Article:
Unprecedented growth for a new browser entry.
Boy, Google has a high standing on the Internet…
Less than 48 hours since the search giant launched ‘Chrome’, its first web browser, StatCounter Blog claims the software has taken no less than one per cent of the global browser market. That may not sound like much but to put it into perspective: that is more than Opera has attained in its lifespan to date. By comparison Safari has approximately 6.5 per cent, Firefox 22 per cent and Internet Explorer 70 per cent.
“This is a phenomenal performance,” commented StatCounter’s Aodhan Cullen, “this is war on Microsoft but the big loser could be Firefox.” This makes sense given the more cutting edge nature of Firefox users with many IE users less technical and often unaware of the choices available to them beyond what came installed on their systems.
Of course initial interest doesn’t mean long term adoption but Chrome has seemingly made a positive early impression despite its current lack of third party add-ons (this should change with it being open source) and, in many ways, radical alterations to the stereotypical browser experience.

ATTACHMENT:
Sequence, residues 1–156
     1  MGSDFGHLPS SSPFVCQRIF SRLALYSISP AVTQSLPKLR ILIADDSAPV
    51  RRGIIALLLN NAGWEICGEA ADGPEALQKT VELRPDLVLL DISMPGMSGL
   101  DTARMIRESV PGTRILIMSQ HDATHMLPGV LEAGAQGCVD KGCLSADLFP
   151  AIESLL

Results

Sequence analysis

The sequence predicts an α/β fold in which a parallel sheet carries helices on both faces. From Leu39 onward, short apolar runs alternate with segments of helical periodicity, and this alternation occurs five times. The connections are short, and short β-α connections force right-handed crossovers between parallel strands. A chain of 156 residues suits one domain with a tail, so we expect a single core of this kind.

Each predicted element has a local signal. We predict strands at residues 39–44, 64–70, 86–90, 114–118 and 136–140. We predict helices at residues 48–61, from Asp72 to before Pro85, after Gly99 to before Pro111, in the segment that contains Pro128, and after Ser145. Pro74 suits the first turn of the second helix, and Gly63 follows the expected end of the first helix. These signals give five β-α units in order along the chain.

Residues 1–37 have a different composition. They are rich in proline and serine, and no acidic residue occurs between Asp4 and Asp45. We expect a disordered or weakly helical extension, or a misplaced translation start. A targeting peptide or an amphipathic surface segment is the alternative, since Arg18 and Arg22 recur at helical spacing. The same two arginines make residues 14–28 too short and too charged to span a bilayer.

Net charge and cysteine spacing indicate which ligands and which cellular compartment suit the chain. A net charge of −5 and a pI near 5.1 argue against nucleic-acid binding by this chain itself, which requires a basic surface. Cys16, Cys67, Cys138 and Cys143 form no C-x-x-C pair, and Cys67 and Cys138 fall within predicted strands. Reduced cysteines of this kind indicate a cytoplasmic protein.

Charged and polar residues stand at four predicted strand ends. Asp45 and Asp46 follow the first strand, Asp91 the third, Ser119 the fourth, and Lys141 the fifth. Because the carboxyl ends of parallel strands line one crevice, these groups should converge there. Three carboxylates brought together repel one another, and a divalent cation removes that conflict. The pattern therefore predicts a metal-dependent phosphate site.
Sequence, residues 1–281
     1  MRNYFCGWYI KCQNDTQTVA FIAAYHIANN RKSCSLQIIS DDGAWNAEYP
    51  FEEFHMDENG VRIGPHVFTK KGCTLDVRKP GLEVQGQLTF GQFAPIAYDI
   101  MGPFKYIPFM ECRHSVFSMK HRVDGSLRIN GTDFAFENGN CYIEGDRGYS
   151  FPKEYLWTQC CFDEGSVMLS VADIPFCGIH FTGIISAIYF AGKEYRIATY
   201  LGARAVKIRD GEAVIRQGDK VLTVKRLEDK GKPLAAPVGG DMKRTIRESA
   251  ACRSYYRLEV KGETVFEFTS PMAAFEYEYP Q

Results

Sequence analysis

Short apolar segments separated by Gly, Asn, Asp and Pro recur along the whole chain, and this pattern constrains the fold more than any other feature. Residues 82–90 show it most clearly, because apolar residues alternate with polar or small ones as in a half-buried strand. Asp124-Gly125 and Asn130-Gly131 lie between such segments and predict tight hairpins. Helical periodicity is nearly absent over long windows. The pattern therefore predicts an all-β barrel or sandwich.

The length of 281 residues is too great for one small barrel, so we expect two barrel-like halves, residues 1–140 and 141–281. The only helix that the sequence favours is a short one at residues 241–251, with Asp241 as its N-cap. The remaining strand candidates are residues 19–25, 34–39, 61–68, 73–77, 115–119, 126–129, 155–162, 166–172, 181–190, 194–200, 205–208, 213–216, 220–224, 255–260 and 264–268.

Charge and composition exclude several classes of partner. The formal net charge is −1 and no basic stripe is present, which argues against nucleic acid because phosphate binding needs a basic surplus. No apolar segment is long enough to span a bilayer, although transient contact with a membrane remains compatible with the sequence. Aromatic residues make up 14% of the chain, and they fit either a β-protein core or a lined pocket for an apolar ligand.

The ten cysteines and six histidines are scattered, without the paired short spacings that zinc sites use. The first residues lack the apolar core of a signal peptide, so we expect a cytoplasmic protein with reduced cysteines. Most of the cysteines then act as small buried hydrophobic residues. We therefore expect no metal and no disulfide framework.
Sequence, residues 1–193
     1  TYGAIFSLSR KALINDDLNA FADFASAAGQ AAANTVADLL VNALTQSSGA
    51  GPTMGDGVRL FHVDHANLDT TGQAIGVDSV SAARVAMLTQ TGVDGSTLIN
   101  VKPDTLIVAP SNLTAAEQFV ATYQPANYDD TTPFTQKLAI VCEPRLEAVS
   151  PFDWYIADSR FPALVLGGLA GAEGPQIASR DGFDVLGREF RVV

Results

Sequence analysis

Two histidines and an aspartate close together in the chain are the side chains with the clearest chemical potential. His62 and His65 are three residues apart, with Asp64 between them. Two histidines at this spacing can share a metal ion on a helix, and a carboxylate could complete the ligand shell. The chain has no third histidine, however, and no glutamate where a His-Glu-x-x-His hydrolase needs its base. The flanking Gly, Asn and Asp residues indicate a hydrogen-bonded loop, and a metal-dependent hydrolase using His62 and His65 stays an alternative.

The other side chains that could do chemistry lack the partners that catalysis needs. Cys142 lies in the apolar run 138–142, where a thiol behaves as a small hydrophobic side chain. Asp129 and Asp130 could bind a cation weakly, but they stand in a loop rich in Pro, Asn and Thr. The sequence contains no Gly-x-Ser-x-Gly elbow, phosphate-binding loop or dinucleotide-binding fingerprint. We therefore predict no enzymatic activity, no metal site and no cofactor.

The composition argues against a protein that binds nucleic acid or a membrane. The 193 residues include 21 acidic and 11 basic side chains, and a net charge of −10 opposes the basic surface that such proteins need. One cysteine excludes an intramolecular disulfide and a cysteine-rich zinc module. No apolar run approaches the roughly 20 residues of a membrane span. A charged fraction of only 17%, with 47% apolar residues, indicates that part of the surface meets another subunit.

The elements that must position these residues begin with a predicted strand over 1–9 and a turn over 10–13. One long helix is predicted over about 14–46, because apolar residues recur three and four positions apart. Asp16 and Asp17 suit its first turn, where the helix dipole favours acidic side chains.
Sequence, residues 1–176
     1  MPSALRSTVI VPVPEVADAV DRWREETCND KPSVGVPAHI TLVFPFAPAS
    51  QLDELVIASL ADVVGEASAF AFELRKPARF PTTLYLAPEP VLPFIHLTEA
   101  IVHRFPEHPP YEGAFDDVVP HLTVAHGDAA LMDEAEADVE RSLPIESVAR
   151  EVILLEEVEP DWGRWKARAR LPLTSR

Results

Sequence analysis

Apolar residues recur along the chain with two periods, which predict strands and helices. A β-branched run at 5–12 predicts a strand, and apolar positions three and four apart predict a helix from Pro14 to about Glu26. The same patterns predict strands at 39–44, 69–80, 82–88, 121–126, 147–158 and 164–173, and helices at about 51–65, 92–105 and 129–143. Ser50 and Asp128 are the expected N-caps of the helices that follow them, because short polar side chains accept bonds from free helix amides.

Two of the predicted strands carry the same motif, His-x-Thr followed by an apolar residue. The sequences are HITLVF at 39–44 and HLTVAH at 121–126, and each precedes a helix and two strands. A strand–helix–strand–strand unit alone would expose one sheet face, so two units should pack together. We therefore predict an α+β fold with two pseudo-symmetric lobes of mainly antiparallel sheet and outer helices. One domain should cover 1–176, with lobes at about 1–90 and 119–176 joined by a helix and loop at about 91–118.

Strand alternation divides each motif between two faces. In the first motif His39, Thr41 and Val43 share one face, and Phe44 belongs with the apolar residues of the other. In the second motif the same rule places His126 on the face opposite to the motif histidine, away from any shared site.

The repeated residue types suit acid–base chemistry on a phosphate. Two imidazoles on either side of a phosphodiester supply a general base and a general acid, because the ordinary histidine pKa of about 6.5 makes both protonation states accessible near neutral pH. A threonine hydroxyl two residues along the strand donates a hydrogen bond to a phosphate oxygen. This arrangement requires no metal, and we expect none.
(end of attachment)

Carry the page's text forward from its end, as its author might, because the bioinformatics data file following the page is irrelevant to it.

On a less positive note however eagle eyed surfers have caught wind of a particularly scary clause in Chrome’s user licence, #11 states “”By submitting, posting or displaying the content you give Google a perpetual, irrevocable, worldwide, royalty-free, and non-exclusive license to reproduce, adapt, modify, translate, publish, publicly perform, publicly display and distribute any Content which you submit, post or display on or through, the Service””.
To be fair Google has responded quickly to this saying it was an over generalisation and they “are working quickly to remove language from Section 11 of the current Google Chrome terms of service. This change will apply retroactively to all users who have downloaded Google Chrome.”
Hopefully that clears that up. Now on with Beta version 2.0!
The controversial section 11 is now fixed as such:
11. Content licence from you
11.1 You retain copyright and any other rights that you already hold in Content that you submit, post or display on or through the Services.